Threat assessment to be examined as part of attempts to secure anonymity for two ex-soldiers charged with murdering Official IRA man Joe McCann in 1972

Joe McCann

A THREAT assessment is to be examined as part of attempts to secure anonymity for two ex-soldiers charged with murdering an Official IRA man in Belfast 45 years ago, a court heard today.

A judge was told the former paratroopers may seek their own expert analysis on the risk to their lives from being named.

The defendants, known only as Soldier A and Soldier C, are facing prosecution for the killing of Joe McCann in April 1972.

McCann, one of the Official IRA's most prominent activists, was shot in disputed circumstances near his home in the city's Markets area.

A police investigation conducted at the time resulted in no-one being prosecuted.

However, in 2013 a report by the now-defunct Historical Enquiries Team concluded the killing was not justified.

Files were then passed to the Public Prosecution Service (PPS), which reviewed the case and decided last year that Soldier A and Soldier C should be charged with murder.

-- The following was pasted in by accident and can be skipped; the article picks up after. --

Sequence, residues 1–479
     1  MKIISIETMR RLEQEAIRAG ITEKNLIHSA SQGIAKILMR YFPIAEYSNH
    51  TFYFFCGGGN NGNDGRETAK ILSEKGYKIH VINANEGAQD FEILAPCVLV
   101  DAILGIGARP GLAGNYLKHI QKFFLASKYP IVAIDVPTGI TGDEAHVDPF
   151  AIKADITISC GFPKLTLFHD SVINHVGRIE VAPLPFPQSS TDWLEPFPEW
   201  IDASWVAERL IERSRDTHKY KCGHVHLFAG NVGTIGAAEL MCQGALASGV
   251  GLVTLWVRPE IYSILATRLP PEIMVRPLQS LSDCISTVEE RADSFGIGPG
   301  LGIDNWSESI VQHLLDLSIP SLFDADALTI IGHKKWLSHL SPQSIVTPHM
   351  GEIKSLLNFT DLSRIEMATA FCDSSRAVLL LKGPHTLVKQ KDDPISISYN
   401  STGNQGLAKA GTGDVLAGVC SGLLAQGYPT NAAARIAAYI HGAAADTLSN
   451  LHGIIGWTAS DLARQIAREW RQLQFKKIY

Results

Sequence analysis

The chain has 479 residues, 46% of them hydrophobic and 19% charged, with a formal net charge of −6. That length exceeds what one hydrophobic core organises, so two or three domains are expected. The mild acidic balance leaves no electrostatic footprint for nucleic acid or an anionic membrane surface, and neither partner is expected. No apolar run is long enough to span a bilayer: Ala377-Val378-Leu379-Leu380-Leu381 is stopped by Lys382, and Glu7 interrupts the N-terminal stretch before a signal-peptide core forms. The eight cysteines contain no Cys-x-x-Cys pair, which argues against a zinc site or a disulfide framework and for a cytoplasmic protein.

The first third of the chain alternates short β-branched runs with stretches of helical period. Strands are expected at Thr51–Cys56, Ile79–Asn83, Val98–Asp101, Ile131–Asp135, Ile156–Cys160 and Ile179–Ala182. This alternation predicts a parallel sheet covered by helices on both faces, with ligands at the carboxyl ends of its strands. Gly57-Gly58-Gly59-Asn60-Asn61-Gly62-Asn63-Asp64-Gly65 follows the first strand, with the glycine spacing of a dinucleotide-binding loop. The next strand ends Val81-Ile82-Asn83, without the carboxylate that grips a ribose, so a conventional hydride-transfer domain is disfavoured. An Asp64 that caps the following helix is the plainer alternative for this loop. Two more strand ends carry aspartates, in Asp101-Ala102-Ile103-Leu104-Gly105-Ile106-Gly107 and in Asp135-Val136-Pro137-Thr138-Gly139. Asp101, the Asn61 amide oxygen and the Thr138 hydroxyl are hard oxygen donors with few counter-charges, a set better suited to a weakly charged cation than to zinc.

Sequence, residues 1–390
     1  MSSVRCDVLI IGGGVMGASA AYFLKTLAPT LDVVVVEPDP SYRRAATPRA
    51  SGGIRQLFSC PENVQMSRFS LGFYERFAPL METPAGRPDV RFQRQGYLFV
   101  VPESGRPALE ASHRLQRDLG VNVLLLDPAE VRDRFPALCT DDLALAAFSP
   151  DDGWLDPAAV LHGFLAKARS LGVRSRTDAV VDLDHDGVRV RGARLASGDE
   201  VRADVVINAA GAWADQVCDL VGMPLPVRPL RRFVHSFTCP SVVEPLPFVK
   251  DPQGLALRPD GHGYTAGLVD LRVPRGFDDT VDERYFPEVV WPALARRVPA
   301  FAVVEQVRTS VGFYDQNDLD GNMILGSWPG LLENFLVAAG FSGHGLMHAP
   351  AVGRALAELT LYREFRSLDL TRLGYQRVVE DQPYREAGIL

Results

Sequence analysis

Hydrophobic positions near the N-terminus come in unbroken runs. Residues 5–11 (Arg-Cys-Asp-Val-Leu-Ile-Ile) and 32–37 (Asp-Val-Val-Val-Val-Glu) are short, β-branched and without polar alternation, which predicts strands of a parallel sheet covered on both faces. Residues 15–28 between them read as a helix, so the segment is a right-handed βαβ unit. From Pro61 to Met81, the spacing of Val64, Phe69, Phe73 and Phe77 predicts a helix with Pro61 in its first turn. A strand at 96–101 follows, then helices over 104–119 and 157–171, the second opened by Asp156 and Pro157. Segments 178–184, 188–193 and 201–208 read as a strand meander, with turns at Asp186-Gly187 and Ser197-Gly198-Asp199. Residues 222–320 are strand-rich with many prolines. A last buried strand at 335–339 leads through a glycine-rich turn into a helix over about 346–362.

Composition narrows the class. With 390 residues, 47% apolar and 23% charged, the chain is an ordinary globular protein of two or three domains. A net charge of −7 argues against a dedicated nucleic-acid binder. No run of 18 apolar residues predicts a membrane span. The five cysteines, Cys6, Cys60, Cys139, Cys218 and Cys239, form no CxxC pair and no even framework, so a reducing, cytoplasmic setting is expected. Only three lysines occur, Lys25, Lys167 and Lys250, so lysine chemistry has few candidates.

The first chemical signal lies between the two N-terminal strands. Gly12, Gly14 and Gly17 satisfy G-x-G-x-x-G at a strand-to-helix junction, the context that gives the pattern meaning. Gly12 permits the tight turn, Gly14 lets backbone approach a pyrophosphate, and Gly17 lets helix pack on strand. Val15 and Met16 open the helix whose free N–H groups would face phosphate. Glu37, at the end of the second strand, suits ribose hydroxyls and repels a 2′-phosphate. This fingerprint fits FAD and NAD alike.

They are said to be surviving members of an army patrol involved in the shooting incident. A third member of the unit has since died.

The pair, now in their sixties, are set to mount a legal bid to have proceedings thrown out before trial by contesting assertions that they have a case to answer.

But ahead of that preliminary inquiry their application for anonymity was due to be dealt with at Belfast Magistrates' Court.

District Judge Fiona Bagnall was told an existing threat assessment document has been compiled by police and the Ministry of Defence.

However the case was adjourned until the new year. District Judge Fiona Bagnall listed the case for four days in March to deal with both the anonymity application and preliminary inquiry.

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